Cuba is famous for the classic 1950s cars that still cruise the city streets, but there's another link with the past hiding within its transport network: a converted steam train that takes visitors deep into the centre of Cuba's sugar-producing farmland.
Confession time – I love steam trains. So, when I heard there was at least still one running in Cuba I resolved it had to be on my itinerary. Three years ago, I was in Trinidad in central Cuba organising the pick-up time to get to the station, ready for my pre-paid and booked a train trip into the Valle de Los Ingenios (the Valley of the Sugar Mills).
“There’s something a bit strange about this,” said my Cuban friend. “I need to make some calls. I cannot find anyone who knows the departure time.”
He did so and returned looking rather bemused.
“The steam train hasn’t been running for about three years,” he said. “In fact, just at the moment there is no train at all.”
These things can happen from time to time in Cuba – most tourist operations are channelled through the government-controlled system with its labyrinthine bureaucracy. As visitor numbers increase, the system sometimes suffers from overloading.
However, this year I finally achieved my train ride in Cuba, although the carriages were pulled by a Russian-made diesel rather than a steam engine! The engine had two open-air carriages attached and there were sufficient tourists in town to fill all the wooden seats.
We set off into the hills that separate the town of Trinidad from the valley, which together with the historic centre of Trinidad is a World Heritage-listed site. We chugged through secondary forest and then down into the valley, once one of the most important sugar producing areas in the world.
Sugar was introduced to Cuba by the Spanish in the 16th century; by the late 18th century and through until the end of the next, Cuba was the world’s leading producer of the sweet stuff. This made the nearby town of Trinidad very wealthy – along with the plantation owners, who made their fortunes on the backs of an estimated 30,000 African slaves. After the Cuban Wars of Independence, the sugar industry in the area went into a decline and plantations, the owners’ mansions, the mills and the land fell into ruin and disuse.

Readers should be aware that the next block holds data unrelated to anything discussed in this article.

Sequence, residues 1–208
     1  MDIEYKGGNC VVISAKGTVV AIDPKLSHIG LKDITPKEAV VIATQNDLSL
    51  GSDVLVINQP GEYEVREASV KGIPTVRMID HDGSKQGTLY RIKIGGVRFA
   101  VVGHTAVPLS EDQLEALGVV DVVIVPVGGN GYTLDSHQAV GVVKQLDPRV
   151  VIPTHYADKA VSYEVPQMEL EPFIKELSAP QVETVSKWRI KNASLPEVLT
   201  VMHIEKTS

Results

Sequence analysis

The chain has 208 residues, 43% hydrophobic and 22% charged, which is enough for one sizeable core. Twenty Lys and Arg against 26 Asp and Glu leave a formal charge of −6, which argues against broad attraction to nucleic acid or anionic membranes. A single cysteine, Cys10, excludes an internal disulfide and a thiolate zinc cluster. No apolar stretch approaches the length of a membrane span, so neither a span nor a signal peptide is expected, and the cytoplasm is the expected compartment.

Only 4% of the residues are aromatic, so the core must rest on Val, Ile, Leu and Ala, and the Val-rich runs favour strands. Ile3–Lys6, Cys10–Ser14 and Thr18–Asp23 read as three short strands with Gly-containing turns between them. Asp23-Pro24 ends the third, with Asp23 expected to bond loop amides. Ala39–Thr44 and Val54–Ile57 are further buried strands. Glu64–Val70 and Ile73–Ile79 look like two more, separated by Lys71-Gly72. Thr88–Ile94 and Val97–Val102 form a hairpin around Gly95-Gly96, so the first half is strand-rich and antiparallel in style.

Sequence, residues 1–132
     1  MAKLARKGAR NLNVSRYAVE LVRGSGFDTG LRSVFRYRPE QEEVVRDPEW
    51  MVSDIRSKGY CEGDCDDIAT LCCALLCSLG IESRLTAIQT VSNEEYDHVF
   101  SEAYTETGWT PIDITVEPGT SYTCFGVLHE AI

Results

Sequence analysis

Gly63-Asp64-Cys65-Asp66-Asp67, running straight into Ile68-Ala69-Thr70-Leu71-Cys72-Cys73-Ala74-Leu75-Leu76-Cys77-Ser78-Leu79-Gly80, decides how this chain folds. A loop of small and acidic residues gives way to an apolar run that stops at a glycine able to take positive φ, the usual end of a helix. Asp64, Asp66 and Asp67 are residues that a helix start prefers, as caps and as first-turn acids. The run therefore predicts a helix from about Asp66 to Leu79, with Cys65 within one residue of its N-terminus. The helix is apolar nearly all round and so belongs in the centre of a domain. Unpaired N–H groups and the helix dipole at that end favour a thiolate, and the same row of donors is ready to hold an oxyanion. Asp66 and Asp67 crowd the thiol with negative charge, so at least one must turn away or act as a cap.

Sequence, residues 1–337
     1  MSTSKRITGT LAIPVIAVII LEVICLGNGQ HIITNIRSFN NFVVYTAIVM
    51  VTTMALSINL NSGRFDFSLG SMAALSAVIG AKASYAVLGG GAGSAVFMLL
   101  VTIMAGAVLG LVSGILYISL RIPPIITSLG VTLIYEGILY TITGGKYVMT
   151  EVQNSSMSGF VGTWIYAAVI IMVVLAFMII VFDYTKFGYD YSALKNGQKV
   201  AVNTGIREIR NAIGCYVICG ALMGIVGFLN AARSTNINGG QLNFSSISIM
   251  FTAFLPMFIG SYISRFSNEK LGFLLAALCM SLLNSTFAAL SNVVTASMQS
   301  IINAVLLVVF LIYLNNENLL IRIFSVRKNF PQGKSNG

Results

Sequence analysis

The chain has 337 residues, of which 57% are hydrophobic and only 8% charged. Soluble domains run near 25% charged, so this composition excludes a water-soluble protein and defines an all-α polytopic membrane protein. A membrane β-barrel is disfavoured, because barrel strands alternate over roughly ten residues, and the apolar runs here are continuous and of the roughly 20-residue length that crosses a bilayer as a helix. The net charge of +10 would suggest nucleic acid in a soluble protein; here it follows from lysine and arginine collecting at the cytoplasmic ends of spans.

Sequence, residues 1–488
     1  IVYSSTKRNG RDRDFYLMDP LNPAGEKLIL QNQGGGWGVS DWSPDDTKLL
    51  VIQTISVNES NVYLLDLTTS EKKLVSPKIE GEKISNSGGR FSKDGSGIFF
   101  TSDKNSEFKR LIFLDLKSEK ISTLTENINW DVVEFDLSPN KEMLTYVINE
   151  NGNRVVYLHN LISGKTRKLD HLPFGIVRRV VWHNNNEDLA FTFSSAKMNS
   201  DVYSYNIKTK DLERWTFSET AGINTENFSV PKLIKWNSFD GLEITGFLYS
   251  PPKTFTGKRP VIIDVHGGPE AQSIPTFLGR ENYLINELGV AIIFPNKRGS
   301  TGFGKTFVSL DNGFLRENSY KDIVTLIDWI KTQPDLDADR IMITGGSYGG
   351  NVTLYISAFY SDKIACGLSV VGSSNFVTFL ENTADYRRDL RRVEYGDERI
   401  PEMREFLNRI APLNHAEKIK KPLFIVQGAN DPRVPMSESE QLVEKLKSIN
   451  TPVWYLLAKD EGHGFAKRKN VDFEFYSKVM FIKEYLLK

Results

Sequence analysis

Some sugar cane remains, but lush regrowth abounds. We passed small wooden cottages (some still with earth floors) with immaculately swept yards, Cuban cowboys on horseback, and children playing with homemade trolleys.
It’s near impossible to visit anywhere in Cuba without being serenaded by a band, duo or solo singer and almost always they are accomplished musicians. It’s one of the marvels of Cuba. However, on the train, I found the one exception that proves the rule. For some reason the train’s operators had managed to employ a singer of such awfulness that after his first bracket of songs many passengers, when approached for a tip, told him they would gladly do so if only he’d stop! But the train trip is a relatively short one and at times as the train clanked over iron bridges, his appalling singing and guitar playing were almost drowned out.
The train’s first stop is at Manaca Iznaga, a sugar plantation established in 1750 and then 45 years later purchased by Pedro Iznaga, infamous as one of the wealthiest men in Cuba with a fortune made from slave trafficking. The estate’s focal point is a 44-metre high watch tower which comes into view long before one catches sight of the restored plantation mansion itself. The tower was used to watch for fires and escaping slaves, and generally to supervise activity around the plantation.
The climb up is by means of slightly rickety staircase but if nothing else, it does grant a reprieve from the rather rapacious stallholders and wandering salesmen and women who are constantly trying to foist lace, embroidery and other handcrafts on visitors. It’s one of the only few places in Cuba where this happens en masse.
I escaped back to the train which then heads further along the valley, stopping right at the gate of Casa Buachinango, another plantation house dating back to the end of the 18th century which now operates as a rustic restaurant.
Here, we sat on the wide, shady veranda and watched our spit-roasted pig making a few last leisurely turns over an open fire before it was carved up under the trees. There was a mound of crackling to accompany some of the best pork I’ve ever eaten, which was served with the ubiquitous, but still delicious, Cuban combination of beans and rice.
As we prepared to leave the owners invited us to walk through the house with its terracotta-tiled floors and wide doors front and back that helped keep the central living area cool by channelling any breezes right through the house. We returned to town by road, passing once more the tower that, although now merely picturesque, is a reminder of a much darker era in Cuban history. The tablecloth and jeweller sellers were also heading home, leaving the plantation to its memories.